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Screening for Postpartum Depression in Well-Baby Care Settings : A Systematic Review. / van der Zee-van den Berg, Angarath I.; Boere-Boonekamp, Magdalena M.; IJzerman, Maarten J.; Haasnoot-Smallegange, Riet M.E.; Reijneveld, Sijmen A.

In: Maternal and child health journal, Vol. 21, No. 1, 12.08.2017, p. 9-20.

Research output: Contribution to journalArticleAcademicpeer-review

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T1 - Screening for Postpartum Depression in Well-Baby Care Settings

T2 - A Systematic Review

AU - van der Zee-van den Berg, Angarath I.

AU - Boere-Boonekamp, Magdalena M.

AU - IJzerman, Maarten J.

AU - Haasnoot-Smallegange, Riet M.E.

AU - Reijneveld, Sijmen A.

PY - 2017/8/12

Y1 - 2017/8/12

N2 - Introduction Postpartum depression (PPD) is a mental health problem frequently experienced by mothers in the first year postpartum. Early detection and treatment can help to reduce its negative effect on the development of the newborn child. Well-baby care (WBC) is a promising screening setting for early detection of PPD. This systematic review investigates the evidence of the effectiveness of screening for PPD in WBC settings regarding mother and child outcomes. Methods Three electronic databases were searched: SCOPUS, PsychINFO and CINAHL. Two reviewers independently performed the study selection. Data extraction was based on a predefined data extraction form. Results Six studies were included; a quality assessment rated two studies as strong and four as weak. Four studies measuring outcomes at process level showed improvement in detection, referral and/or treatment rates. Four studies, including the two strong ones, where screening and enhanced care were combined, showed improvements in the Edinburgh Postnatal Depression Scale scores of the mothers in the intervention groups. No improvements were reported on other outcomes at parent level or at child level. At child level, weight was the only outcome that was measured. Discussion This review provides limited yet positive evidence for the value of screening for PPD in a WBC setting. The outcomes are comparable with studies on screening for PPD in general. The evidence that we found is very promising but the small number of available studies shows a need for additional high-quality studies, to strengthen the evidence regarding the potential benefits of screening in a WBC setting.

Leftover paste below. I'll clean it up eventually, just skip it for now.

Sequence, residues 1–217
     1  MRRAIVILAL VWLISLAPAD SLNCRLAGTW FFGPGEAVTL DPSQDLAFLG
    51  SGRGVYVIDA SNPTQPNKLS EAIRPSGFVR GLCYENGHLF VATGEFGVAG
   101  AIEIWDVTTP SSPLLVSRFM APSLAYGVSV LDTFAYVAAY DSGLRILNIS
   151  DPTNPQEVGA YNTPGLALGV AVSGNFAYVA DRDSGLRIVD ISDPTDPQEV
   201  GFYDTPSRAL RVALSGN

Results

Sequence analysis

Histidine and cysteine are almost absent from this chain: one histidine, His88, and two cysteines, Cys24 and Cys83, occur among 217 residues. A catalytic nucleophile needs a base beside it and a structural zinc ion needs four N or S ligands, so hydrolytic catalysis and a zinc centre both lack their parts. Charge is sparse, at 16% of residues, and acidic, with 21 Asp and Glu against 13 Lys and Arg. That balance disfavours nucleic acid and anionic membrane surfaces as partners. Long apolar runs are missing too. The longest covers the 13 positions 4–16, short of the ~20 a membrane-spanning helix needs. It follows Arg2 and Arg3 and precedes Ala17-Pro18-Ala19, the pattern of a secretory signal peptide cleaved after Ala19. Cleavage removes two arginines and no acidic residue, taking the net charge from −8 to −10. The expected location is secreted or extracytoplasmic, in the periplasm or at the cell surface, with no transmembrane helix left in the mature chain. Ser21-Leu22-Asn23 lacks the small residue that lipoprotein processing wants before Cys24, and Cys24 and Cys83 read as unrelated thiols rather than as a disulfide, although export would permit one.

AB - Introduction Postpartum depression (PPD) is a mental health problem frequently experienced by mothers in the first year postpartum. Early detection and treatment can help to reduce its negative effect on the development of the newborn child. Well-baby care (WBC) is a promising screening setting for early detection of PPD. This systematic review investigates the evidence of the effectiveness of screening for PPD in WBC settings regarding mother and child outcomes. Methods Three electronic databases were searched: SCOPUS, PsychINFO and CINAHL. Two reviewers independently performed the study selection. Data extraction was based on a predefined data extraction form. Results Six studies were included; a quality assessment rated two studies as strong and four as weak. Four studies measuring outcomes at process level showed improvement in detection, referral and/or treatment rates. Four studies, including the two strong ones, where screening and enhanced care were combined, showed improvements in the Edinburgh Postnatal Depression Scale scores of the mothers in the intervention groups. No improvements were reported on other outcomes at parent level or at child level. At child level, weight was the only outcome that was measured. Discussion This review provides limited yet positive evidence for the value of screening for PPD in a WBC setting. The outcomes are comparable with studies on screening for PPD in general. The evidence that we found is very promising but the small number of available studies shows a need for additional high-quality studies, to strengthen the evidence regarding the potential benefits of screening in a WBC setting.

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KW - Well baby care

KW - Preventive child health care

KW - Effectiveness

KW - Systematic review

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DO - 10.1007/s10995-016-2088-8

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JO - Maternal and child health journal

JF - Maternal and child health journal

SN - 1092-7875

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ER -